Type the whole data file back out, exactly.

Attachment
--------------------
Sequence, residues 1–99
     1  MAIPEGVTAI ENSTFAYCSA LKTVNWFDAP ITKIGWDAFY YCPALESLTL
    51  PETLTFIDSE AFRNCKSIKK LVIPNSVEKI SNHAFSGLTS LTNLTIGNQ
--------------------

Sequence, residues 1–99
     1  MAIPEGVTAI ENSTFAYCSA LKTVNWFDAP ITKIGWDAFY YCPALESLTL
    51  PETLTFIDSE AFRNCKSIKK LVIPNSVEKI SNHAFSGLTS LTNLTIGNQ